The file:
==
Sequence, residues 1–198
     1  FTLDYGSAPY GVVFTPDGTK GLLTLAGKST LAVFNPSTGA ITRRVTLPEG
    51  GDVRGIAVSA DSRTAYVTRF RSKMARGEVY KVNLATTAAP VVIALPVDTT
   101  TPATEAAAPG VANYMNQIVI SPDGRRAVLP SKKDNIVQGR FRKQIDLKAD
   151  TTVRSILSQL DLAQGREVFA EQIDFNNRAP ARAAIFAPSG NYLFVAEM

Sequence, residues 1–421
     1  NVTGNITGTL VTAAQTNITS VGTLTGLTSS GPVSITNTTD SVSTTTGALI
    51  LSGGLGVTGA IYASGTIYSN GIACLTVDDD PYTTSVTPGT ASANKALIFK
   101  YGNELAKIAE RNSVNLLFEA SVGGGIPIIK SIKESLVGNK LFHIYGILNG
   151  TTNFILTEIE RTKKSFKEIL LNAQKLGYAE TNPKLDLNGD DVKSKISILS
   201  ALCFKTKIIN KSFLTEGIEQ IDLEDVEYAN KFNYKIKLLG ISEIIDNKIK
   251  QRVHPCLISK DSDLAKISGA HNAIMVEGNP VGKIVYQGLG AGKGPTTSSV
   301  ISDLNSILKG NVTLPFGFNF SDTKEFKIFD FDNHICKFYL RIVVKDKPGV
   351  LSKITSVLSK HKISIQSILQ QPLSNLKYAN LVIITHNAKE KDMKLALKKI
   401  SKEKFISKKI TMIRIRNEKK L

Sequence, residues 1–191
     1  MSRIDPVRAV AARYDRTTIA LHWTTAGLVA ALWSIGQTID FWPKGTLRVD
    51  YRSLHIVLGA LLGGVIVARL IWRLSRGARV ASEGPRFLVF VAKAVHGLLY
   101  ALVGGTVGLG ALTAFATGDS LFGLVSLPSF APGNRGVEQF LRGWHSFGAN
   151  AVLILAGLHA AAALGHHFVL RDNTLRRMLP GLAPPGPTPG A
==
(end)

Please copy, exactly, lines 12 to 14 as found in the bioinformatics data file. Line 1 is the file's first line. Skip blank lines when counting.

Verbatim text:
   251  QRVHPCLISK DSDLAKISGA HNAIMVEGNP VGKIVYQGLG AGKGPTTSSV
   301  ISDLNSILKG NVTLPFGFNF SDTKEFKIFD FDNHICKFYL RIVVKDKPGV
   351  LSKITSVLSK HKISIQSILQ QPLSNLKYAN LVIITHNAKE KDMKLALKKI